TOKYO — India’s leading automaker Maruti Suzuki on Wednesday posted a 2.67 billion rupee ($35.7 million) net loss for the quarter ended in June, its first red ink since going public in 2003.
The dubious milestone owes entirely to the novel coronavirus, which forced India to impose a two-month lockdown this spring. Quarterly sales plunged 72% on the year to 54.29 billion rupees.
Maruti Suzuki, which controls 50% of India’s passenger vehicle market, posted a net profit of 13.76 billion rupees a year earlier. The slump at the automaker, which is majority owned by Japan’s Suzuki Motor, will likely trickle down to dealerships and suppliers and deal a blow to the domestic steel and materials industry.
The plight of the country’s top automaker reflects the grim economic conditions on the ground. The Indian government enacted an urban shutdown on March 25 that temporarily shuttered factories and stores. Businesses involved in pharmaceuticals, foods and other essential industries were exempted.
As a result, the Indian economy grew only 3.1% in the first calendar quarter, the slowest reading in roughly eight years. Some estimates show a 20% contraction for the second quarter.
According to data from the Center for Monitoring Indian Economy, India’s unemployment rate rose to 23% in April and May, much higher than the pre-lockdown rate of between 7% and 8%.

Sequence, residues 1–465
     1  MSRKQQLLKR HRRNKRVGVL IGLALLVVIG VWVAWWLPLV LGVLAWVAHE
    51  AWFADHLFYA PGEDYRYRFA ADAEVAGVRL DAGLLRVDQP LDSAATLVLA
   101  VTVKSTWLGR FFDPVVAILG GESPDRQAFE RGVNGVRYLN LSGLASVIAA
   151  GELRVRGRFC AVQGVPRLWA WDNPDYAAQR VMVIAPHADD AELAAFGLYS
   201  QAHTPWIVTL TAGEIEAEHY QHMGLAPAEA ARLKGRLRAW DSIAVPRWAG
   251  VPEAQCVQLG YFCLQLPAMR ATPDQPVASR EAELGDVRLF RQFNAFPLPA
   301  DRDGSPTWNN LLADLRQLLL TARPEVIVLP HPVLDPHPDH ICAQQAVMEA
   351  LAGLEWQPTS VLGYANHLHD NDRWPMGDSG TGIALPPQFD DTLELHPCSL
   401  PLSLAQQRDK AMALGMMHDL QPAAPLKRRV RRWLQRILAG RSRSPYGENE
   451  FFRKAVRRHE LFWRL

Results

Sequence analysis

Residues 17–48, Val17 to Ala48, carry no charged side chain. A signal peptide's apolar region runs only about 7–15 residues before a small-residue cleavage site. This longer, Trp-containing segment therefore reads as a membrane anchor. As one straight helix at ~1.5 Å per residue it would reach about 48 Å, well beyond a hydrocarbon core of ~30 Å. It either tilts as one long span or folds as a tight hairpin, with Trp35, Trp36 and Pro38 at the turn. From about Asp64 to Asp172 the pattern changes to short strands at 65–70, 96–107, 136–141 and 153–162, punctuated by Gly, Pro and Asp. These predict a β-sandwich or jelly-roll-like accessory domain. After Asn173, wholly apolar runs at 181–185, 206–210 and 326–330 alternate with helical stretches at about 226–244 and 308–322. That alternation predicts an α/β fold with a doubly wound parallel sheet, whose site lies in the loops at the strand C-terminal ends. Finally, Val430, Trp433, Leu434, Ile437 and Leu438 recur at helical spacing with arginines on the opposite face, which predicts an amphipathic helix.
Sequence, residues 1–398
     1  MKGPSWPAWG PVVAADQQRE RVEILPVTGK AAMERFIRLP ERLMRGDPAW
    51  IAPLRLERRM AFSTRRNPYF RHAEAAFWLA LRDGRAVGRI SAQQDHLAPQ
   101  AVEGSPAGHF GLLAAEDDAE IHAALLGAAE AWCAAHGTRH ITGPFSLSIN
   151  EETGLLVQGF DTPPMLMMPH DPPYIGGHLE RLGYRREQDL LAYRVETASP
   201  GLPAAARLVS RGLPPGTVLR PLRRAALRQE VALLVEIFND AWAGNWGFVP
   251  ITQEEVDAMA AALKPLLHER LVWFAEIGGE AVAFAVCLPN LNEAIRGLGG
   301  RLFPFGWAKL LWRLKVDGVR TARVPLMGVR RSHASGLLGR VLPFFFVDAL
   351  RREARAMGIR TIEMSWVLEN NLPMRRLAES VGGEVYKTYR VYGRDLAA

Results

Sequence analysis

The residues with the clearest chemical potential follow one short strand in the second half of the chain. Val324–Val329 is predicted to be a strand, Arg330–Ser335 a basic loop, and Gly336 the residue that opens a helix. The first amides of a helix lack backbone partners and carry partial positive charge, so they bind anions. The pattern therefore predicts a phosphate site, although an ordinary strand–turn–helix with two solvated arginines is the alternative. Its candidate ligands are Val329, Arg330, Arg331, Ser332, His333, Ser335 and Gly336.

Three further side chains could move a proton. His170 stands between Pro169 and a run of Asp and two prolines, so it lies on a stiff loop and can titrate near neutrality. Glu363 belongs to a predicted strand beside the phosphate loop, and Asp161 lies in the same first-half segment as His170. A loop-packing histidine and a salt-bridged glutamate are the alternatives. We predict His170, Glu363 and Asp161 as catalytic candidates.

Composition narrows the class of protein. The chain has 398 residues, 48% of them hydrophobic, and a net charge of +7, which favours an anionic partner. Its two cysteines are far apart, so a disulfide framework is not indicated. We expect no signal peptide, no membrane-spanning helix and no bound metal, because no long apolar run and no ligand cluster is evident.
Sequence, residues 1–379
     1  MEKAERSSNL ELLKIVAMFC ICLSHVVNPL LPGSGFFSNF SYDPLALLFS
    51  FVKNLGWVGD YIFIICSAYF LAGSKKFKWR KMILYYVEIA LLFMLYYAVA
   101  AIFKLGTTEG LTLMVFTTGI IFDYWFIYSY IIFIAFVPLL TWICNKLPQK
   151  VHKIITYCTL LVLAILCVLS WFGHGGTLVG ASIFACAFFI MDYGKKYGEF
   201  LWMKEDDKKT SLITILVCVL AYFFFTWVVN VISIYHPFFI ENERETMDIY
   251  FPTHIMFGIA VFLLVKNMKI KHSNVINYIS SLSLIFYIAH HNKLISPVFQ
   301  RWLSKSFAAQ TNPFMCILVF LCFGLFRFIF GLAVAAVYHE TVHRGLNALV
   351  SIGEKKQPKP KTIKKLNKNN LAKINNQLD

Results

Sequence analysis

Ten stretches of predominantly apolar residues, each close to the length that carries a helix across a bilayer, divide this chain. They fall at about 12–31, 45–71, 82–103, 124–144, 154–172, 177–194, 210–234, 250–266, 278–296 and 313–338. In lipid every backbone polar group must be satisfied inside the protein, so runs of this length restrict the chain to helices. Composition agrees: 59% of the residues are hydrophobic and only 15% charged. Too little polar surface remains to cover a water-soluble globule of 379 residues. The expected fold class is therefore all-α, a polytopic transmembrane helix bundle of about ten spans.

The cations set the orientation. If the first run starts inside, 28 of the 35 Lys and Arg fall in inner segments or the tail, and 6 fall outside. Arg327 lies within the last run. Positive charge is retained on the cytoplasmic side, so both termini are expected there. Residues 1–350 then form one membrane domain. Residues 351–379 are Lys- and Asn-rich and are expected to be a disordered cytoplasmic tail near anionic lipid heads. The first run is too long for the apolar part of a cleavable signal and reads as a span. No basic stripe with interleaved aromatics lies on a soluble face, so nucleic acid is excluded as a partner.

The lockdown, which lasted until late May, delivered a blow to Maruti Suzuki’s production and domestic sales for the April-May period. For the first financial quarter through June, the company sold only about 76,000 vehicles, a huge drop from roughly 400,000 units in the year-earlier period.
“Production in the whole quarter was equivalent to just about two weeks’ of regular working,” Maruti Suzuki said in a statement. The company’s stock price closed down more than 1% on Wednesday.
Overall, just over 180,000 vehicles were delivered across the country in April-June, according to the Society of Indian Automobile Manufacturers, down 80% from a year earlier. Domestic rivals Tata Motors and Mahindra & Mahindra, which have yet to turn in quarterly results, will inevitably report soured earnings.
The bleak business environment in the auto industry is expected to remain for the foreseeable future. The job market has suffered under the lockdown, and workers have absorbed pay cuts. It is difficult to predict when demand for automobiles will recover.
Bottlenecks remain on the production front, whether it be in procuring auto parts or securing labor.
Maruti expects demand to increase eventually, but notes that owners are not trading in their vehicles as much as before.
“Replacement buying is coming down because we believe consumers will hold on a little longer than what they have been doing in the past, before they upgrade to bigger or better vehicles,” Shashank Shrivastava, Maruti Suzuki’s executive director of marketing and sales, said on a conference call Wednesday. “So I think you will see both … demand going high on first-time buyers and at the same time replacement buying coming down.”